Women Need Support, Not Prison This International Women's Day

How about funding women's support centres instead?
The #StopThe500 campaign is opposed to adding more prison places to a 'completely failing system'
Aleksandr Zubkov via Getty Images
The #StopThe500 campaign is opposed to adding more prison places to a 'completely failing system'

Women in prison have spent up to 23 hours a day locked in their cells during the pandemic. Services are stretched and rates of self-harm are at record highs.

Yet the government is planning to put yet more women behind bars. In 2021, the Ministry of Justice announced plans to create 500 more women’s prison places, somewhat contradicting its own proposals to “steer women away from crime”.

In response, the national charity Women In Prison has launched #StopThe500, a petition calling for community investment and improvements in existing prisons, before “adding more places to a completely failing system”.

Prisons are a “dead end” for women, CEO Dr Kate Paradine tells HuffPost UK, and this International Women’s Day, it’s something we should all be talking about.

“We know that the root causes of women being swept up into crime are often domestic abuse, mental health, poverty, substance misuse and homelessness,” she says. “And these things tend to be made worse by a prison sentence.”

The majority (80%) of women are in prison for non-violent crimes, such as shoplifting. The vast majority could serve their sentences in the community, says Paradine, avoiding the harms caused by prison to themselves and their families.

Women are more likely to be primary carers than men and are also more likely to manage care responsibilities for elderly relatives. Their incarceration has knock-on effects for some of the most vulnerable in society – in 95% of cases where a mother goes to prison, her children end up leaving their own home, either going into care or to different relatives.

As there are only 12 women’s prisons in the UK, many women are incarcerated more than 60 miles away from home, making visits from children and other relatives difficult.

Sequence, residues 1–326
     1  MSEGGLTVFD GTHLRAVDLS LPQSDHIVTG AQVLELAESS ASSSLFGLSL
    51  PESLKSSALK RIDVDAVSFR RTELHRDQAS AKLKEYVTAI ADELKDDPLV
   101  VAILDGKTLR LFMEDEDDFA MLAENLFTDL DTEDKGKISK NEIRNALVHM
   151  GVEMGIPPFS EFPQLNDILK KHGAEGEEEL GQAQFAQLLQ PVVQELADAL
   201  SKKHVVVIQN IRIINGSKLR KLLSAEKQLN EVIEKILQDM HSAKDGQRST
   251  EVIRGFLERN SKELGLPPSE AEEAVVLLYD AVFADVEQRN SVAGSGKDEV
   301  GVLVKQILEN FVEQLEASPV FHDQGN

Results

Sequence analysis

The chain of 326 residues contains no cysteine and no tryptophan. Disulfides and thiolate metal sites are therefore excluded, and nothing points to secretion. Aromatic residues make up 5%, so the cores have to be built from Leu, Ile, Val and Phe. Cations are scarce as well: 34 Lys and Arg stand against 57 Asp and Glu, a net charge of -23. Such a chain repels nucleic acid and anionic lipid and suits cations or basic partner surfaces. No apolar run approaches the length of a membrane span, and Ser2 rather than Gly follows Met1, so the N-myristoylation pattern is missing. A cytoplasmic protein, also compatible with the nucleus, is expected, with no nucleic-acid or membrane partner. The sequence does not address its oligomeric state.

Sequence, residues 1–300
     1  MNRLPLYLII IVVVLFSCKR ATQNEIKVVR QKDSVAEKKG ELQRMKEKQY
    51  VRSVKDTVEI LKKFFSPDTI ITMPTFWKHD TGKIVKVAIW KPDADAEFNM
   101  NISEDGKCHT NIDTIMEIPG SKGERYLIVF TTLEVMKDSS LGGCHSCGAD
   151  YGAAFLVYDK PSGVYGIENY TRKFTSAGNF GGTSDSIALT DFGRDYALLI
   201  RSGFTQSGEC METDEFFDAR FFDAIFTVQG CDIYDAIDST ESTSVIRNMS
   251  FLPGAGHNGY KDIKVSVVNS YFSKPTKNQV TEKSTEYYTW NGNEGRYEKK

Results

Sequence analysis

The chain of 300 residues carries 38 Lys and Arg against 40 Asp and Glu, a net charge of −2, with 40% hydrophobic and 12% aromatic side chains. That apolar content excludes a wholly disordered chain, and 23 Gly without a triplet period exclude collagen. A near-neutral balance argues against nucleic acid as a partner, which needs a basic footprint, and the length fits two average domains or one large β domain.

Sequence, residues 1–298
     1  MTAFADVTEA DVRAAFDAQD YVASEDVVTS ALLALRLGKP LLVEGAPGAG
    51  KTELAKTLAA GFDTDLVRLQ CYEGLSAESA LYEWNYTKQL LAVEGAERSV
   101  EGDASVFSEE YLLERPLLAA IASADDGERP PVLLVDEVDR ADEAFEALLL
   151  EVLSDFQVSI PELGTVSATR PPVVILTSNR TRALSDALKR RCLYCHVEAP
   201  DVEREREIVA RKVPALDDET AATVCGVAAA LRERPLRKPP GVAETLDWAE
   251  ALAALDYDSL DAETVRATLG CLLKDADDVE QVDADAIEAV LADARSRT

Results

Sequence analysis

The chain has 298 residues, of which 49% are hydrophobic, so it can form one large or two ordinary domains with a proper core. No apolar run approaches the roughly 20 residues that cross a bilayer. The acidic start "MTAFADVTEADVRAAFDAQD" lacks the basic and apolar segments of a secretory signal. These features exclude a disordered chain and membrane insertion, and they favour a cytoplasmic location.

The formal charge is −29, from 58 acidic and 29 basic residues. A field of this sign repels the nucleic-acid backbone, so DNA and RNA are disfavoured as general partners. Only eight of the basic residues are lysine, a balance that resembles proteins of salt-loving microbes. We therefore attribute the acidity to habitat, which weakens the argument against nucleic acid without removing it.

“The impact of prison is disproportionate to the crime,” says Paradine. “It causes a lot of harm, even though most women are there for six months or less. A few weeks in prison is enough to lose your home, your children, or any job that you have.”

Creating new prison spaces is expensive. When the government announced its plan, it said £150m would be used to create the new places. However, a recent report from the National Audit Office estimated the cost as closer to £200m.

Paradine points out that once the cost of running these extra prison places is added, the final bill will enter the billions (the average annual cost of a single women’s prison place in 2019-20 was £52,000).

In comparison, the government has pledged to spend just £2m to support community services that work with vulnerable women at-risk of prison.

Women in Prison is calling for funds to be redirected, to support women’s centres and other community services that help to prevent offending.

They’ve also raised concerns that the mental and physical health services available to existing women in prison are not fit for purpose.

Two reports published from the prisons and probation ombudsman in the past year have highlighted the poor treatment pregnant women receive in prison after two babies died.

The prison ombudsman confirmed that pregnancies in prison are high risk, which is why the charity is running a second campaign with the charities Birth Companions and Level Up, to stop the imprisonment of pregnant women.

Prison services are stretched and the pandemic only exacerbated issues and increased the disproportionate punishment in women’s prisons.

A report from the Women’s Reform Trust details how women faced no social visits, most education and workshops were shut, prisoners had no gym or access to the library, and had their sentence planning and progression on hold.

Paradine says she’s heard from women who were in their cells for 23 hours a day during the lockdowns, and the mental health impact can not be overestimated.

“All the the general kind of anxiety and stress in the general population is magnified when you’re in prison, and you don’t have access to the support networks that you would have usually from friends and family,” she says. “Rates of self-harm in prison at the moment are at record levels. It’s been devastating.”

HuffPost UK contacted the Ministry of Justice for a response to the #StopThe500 campaign. A spokesperson said:Custody should remain the last resort for most women but our new prison places will give them greater access to education, healthcare and employment. This is alongside better support for pregnant women with specialist mother and baby liaison officers being introduced across the estate.

“We are also investing tens of millions of pounds over the next three years into community services like women’s centres, drug rehabilitation and accommodation support so that fewer women end up in prison.”

Paradine is adamant that expanding prisons – before we’ve improved them – is not the answer.

“Building 500 new prison places is just digging failure deeper,” she says. “And it’s not in line with anything that the government has said it intends to do.”